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DNS

Updated on Apr 2, 2024 by
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What Is DNS?

TCP/IP relies on IP addresses for device connectivity. Nonetheless, expecting users to memorize these intricate numerical identifiers proves challenging. Consequently, a host naming mechanism is employed to correlate IP addresses with user-friendly host names expressed in text format. DNS plays a pivotal role in executing the translation and query process between IP addresses and host names.

Why Do We Need DNS?

On the Internet, computers establish unique identification through IP addresses, akin to phone numbers. However, remembering these all-digit codes is challenging, given their abundance – with nearly 4.3 billion IPv4 addresses, each represented as a 32-bit binary or dotted decimal (e.g., 192.168.1.1). DNS serves the role of translating user-friendly names into machine-readable IP addresses, streamlining inter-computer connections. The DNS mechanism resembles a phonebook, managing associations between names and numerical values. Similar to searching for contacts by name rather than dialing numbers directly, we input URLs (e.g., https://www.fs.com) into browsers when navigating the Internet. Essentially, a URL functions as a computer name, commonly known as a domain name.

Composition of a Domain Name

Originally, devices used domain names comprising character sequences, forming a non-hierarchical structure. This approach resulted in both name conflicts and intricate management and maintenance issues. To tackle these challenges, the TCP/IP protocol stack introduced a hierarchical tree structure for DNS domain names. When a country seeks to join the Internet, it must register a top-level domain name with the NIC. Typically, a top-level domain denotes either an organizational type or a geographical location; for instance, "cn" for China and "us" for the United States. The NIC grants management agencies the authority to categorize top-level domains into level-2 domains. These agencies can further delegate this authority to subordinate agencies for continued classification, resulting in the establishment of a hierarchical domain name structure on the Internet. The following table describes common top-level domains.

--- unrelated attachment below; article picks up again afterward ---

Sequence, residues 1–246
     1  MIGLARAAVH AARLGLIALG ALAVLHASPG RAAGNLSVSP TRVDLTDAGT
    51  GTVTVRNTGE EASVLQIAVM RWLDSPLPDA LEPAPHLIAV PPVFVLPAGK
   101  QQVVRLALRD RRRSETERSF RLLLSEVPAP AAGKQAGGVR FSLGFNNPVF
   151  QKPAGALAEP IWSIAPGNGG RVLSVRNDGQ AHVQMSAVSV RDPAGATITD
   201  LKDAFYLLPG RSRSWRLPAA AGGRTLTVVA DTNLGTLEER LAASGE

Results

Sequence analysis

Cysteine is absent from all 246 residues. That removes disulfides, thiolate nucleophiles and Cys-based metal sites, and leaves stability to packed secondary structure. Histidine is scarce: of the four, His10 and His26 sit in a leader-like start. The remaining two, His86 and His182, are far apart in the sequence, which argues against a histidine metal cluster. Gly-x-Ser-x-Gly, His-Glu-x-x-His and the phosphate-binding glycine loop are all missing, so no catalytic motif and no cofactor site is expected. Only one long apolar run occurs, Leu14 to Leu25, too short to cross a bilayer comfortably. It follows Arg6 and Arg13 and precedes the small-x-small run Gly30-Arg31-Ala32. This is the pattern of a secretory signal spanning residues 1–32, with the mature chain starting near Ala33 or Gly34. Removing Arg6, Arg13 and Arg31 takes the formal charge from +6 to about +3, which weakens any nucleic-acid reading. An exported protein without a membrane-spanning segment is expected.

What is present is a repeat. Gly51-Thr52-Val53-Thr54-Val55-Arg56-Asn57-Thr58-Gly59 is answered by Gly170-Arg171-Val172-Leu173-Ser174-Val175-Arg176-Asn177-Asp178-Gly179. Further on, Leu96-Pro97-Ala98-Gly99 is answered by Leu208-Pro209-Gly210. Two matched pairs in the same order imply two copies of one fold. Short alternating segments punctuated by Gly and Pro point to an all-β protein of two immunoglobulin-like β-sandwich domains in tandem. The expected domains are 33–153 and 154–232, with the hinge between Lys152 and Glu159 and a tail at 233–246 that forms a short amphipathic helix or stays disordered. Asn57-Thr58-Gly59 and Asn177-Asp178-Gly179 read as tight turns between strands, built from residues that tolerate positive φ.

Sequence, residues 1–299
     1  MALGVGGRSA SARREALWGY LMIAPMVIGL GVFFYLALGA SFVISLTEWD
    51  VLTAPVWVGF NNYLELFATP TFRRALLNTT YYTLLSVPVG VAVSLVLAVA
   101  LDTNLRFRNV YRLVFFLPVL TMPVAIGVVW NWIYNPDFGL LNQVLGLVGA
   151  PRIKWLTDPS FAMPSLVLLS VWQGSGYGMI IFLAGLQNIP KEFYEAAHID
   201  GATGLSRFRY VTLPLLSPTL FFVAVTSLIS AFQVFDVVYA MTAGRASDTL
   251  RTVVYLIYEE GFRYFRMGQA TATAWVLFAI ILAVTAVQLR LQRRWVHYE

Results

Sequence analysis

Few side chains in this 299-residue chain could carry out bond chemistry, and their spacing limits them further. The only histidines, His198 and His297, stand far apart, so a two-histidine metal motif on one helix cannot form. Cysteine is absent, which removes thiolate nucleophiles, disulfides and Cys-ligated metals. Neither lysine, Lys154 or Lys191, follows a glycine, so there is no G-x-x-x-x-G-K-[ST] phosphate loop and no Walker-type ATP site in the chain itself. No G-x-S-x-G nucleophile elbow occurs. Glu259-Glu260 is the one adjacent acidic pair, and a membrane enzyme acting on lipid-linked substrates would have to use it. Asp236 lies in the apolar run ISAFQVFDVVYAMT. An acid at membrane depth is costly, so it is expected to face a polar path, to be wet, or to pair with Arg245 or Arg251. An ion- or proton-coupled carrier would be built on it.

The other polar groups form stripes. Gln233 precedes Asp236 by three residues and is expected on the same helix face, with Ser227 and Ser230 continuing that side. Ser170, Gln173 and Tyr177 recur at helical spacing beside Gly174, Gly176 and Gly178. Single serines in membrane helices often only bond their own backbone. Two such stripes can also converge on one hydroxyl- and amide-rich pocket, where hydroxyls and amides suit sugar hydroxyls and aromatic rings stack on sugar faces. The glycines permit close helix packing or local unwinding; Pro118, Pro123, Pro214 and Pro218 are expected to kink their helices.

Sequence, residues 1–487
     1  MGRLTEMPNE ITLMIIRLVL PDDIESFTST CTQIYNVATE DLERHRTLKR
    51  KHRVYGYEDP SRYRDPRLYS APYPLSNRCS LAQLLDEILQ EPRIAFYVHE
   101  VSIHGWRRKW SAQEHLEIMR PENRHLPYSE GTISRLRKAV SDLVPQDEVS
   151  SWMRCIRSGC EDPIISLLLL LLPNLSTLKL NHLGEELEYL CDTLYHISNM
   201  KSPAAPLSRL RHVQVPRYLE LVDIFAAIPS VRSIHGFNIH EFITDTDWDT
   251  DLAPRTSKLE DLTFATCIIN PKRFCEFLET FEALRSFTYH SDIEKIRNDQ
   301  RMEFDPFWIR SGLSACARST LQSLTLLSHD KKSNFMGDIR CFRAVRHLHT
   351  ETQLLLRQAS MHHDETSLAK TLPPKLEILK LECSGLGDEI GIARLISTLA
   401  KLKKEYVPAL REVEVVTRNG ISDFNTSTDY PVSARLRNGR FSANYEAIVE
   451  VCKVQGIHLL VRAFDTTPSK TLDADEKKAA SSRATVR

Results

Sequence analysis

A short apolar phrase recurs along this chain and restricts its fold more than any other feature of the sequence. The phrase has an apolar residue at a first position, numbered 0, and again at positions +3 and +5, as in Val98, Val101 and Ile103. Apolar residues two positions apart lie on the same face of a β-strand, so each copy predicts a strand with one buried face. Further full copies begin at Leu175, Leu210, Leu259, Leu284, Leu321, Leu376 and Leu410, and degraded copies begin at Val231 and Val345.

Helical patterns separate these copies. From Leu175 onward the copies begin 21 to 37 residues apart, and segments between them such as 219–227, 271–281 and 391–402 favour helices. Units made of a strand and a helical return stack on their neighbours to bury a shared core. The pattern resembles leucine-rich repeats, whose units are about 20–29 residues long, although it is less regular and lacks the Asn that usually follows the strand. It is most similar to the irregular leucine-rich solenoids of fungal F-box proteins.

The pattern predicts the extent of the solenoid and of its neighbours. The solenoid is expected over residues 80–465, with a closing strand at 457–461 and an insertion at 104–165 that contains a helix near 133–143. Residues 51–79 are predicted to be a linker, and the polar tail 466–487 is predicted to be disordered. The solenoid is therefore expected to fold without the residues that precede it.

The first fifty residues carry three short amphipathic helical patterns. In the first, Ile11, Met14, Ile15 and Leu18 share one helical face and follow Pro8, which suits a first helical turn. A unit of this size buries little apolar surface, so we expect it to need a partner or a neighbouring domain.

Table 1-1 Top-level domains and their meanings

Top-level domains and their meanings

Regarding syntax, a domain name is composed of labels separated by dots (.). Consider the domain name www.fs.com for illustration. Each segment, when read from right to left, can be delineated as follows:

  • com: Designates the top-level domain name, signifying a commercial organization.

  • fs: Represents the level-2 domain name, affiliated with a company.

  • www: Indicates the level-3 domain name, denoting a standard web page.

DNS Server, Client, and Relay Agent

DNS-related device roles on a network include DNS server, client, and relay agent.

DNS Server

A DNS server is responsible for associating a domain name with its corresponding IP address. The server maintains a table containing domain names and their respective IP addresses to resolve the domain names used in messages. Due to the global nature of the Internet, where resources are interconnected worldwide, a single DNS server cannot handle all address translation operations. As a solution, multiple DNS servers collaborate globally.

Similar to the hierarchical structure of domain names, DNS servers also adopt a hierarchical arrangement. When a user seeks to resolve a domain name, they sequentially request information from top-level and authoritative DNS servers through the root DNS server to acquire the corresponding IP address. The obtained result is stored on the local DNS server for subsequent DNS requests. In the event of a repeated access request to the same domain name, the user can directly retrieve the result from the local DNS server without the need to initiate a global recursive query again.

Table 1-2 DNS server classification

DNS server classification

DNS Client

A DNS client is responsible for receiving DNS requests from user programs and providing responses. A device operating as a DNS client possesses the following functionalities: